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Non-invasive diagnosis of portal vein occlusion by radionuclide angiography.
  1. P MacMathuna,
  2. M K O'Connor,
  3. D G Weir,
  4. P W Keeling
  1. Department of Clinical Medicine, Trinity College Medical School, St James' Hospital, Dublin.

    Abstract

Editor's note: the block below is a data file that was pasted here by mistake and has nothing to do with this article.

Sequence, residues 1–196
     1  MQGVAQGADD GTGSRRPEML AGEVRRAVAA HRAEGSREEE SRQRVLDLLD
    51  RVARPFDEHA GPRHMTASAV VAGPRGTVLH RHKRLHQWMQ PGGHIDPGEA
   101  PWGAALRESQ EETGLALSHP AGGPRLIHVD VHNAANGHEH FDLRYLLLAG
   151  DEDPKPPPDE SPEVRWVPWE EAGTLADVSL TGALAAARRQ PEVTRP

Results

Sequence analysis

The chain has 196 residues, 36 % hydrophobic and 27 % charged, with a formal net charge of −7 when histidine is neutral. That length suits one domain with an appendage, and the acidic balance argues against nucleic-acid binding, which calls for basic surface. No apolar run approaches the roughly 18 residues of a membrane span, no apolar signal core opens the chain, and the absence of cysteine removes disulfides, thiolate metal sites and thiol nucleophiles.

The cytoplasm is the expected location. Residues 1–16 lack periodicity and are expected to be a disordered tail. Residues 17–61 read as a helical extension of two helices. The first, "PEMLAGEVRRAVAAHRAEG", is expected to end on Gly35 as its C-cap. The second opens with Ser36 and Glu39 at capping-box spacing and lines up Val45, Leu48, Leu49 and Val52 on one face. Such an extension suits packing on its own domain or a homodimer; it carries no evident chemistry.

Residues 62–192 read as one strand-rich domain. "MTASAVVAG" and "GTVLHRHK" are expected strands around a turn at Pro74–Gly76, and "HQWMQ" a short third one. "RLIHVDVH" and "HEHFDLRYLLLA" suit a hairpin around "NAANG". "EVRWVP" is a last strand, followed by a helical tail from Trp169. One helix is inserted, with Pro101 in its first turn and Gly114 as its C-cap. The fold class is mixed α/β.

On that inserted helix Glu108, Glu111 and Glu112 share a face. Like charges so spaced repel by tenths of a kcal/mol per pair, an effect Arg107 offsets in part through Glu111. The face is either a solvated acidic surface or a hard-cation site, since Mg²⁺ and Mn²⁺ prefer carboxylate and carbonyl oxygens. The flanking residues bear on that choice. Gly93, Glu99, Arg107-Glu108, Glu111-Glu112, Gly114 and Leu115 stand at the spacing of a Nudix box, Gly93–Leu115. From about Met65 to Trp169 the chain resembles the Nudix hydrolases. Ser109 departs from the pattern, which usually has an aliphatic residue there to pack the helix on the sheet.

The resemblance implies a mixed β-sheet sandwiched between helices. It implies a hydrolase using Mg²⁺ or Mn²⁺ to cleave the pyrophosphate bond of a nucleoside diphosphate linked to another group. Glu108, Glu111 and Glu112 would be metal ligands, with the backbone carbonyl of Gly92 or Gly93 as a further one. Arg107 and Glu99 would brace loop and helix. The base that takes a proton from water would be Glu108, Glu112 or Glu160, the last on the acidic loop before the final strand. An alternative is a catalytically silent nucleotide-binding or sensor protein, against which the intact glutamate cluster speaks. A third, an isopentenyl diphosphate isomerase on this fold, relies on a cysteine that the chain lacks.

The accuracy of non-invasive radionuclide angiography in detecting portal vein occlusion was assessed in 61 patients--10 with portal vein occlusion confirmed by conventional portography, 25 with chronic liver disease and a patent portal vein (mild = 12, severe = 13), and 26 with normal liver function, who served as controls. The median percentage portal venous flow for the portal vein occlusion group was 8% (range 1-30) (consistent with negligible flow) compared with 78% (52-87) for control subjects (p < 0.005) and 68% (61-80) and 49% (23-59) respectively for patients with mild and severe liver disease (p < 0.001 and p < 0.005). At a portal venous inflow of < 20%, the procedure had a specificity of 100% and sensitivity of 90% in diagnosing portal vein occlusion. Non-invasive radionuclide angiography provides a safe and accurate screening method for evaluating portal vein patency or occlusion in the investigation of portal hypertension or before liver transplantation.

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